One way to test if a company runs the risk of filing for bankruptcy is through the Altman Z-Score, a formula developed by New York University professor Edward Altman in 1968. The Altman Z-Score measures several aspects of a company's financial health -- including working capital, total assets, total liabilities, market capitalization, sales, retained earnings and earnings before interest & taxes (EBIT) -- to forecast the probability of it going bankrupt within two years. Since its inception, the formula has been 72% accurate in predicting corporate bankruptcies two years prior to the filing, according to Investopedia.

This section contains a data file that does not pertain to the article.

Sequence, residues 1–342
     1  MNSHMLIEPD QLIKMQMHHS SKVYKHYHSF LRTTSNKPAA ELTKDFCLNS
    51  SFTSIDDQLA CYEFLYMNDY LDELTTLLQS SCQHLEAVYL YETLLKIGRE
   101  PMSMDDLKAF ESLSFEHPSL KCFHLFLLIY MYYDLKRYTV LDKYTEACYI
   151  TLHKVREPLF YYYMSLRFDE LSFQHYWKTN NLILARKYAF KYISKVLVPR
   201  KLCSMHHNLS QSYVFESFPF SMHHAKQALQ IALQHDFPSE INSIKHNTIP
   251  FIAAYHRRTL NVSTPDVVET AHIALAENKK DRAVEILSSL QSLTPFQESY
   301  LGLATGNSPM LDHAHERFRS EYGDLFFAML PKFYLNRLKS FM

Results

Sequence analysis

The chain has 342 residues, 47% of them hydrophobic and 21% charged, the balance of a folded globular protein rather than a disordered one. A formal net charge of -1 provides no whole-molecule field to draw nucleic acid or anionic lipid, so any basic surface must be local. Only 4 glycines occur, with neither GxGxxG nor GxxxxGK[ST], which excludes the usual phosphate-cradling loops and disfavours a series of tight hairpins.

On a general basis, companies with a Z-Score higher than 3 are considered safe with little danger of bankruptcy, while those with a score of 1.81 or lower are considered distressed and more likely to go bankrupt. Anything in between is a gray area. While the formula, of course, isn't the only indicator of financial health -- and is by no means a guaranteed barometer of a company's bankruptcy risk -- it is a metric worth considering for those hotels that fall below the safety zone. Those with a declining Z-Score year over year may also raise a red flag. Taking this into account, we offer the hotel chains with a Z-Score below 3 for the trailing 12 months, according to data from I-Metrix, from the least risky to the most risky, with a little detail on what each company has been up to lately. We limited our analysis to companies with a stock price of at least $1.